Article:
The Financial Conduct Authority (FCA) has reported that complaints about payment protection insurance (PPI) drove a 13% increase in the number of complaints made to financial services firms in the second half of 2017, according to figures published today by the FCA.
During the second half of 2017 a total of 3.76 million complaints were received, an increase of 427,032 on the first half of the year. Complaints about PPI rose by 40% to 1.55 million, the highest level of complaints about PPI for more than four years.
In January 2018 firms paid out £415.8m in redress to customers who complained about payment protection insurance (PPI). This is the highest figure since March 2016 and takes the amount paid since January 2011 to £30bn.
Christopher Woolard, executive director of strategy and competition, said: “Having set a deadline for PPI complaints, we are encouraging consumers to decide whether they want to claim, and if they do, to make their complaint as soon as possible, as many already have.
“We are continuing to monitor and challenge all firms to ensure they maintain the expected standards and are delivering on their commitments to make it easy for people to complain about PPI.
“When PPI is taken out of the mix, the numbers of complaints firms are receiving has remained stable. Firms should be doing all they can to reduce complaints and ensure they are treating customers fairly.”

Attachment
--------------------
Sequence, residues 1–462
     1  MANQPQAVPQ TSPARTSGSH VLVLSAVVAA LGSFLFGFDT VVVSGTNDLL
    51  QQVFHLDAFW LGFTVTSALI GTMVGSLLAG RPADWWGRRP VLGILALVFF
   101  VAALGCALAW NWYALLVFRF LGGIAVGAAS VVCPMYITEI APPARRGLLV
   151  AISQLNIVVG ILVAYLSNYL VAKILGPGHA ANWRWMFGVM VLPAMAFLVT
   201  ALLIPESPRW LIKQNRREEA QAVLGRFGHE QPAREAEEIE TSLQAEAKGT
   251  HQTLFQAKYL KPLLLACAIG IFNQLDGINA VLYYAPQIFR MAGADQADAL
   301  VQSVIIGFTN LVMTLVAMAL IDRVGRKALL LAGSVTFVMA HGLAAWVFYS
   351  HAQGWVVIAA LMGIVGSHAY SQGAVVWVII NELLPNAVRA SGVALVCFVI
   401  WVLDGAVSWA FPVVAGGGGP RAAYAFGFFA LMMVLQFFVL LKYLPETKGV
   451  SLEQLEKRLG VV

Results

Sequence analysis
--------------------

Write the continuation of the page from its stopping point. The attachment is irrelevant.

Excluding PPI the number of complaints received by firms was 2.21million, around 13,000 fewer than the previous six months.
After PPI, the next most complained about products are current accounts, with 509,047 complaints and then credit cards with 314,586 complaints. Further firm-level data are available on the FCA’s downloadable tables.
Tashema Jackson, spokesperson at uSwitch.com, says: “PPI continues to dominate the banking complaints figures, as you would expect given the big push by the regulator to inform people of the looming deadline in August next year.
“However, when you look beyond PPI to the banking and credit card complaints, the fact that the big high street banks have hundreds of thousands of customers who are unhappy comes as little surprise. Our recent customer service report showed that the biggest banks are consistently underperforming when it comes to dealing with the concerns of their customers, with Royal Bank of Scotland, HSBC and Barclays the worst performing.”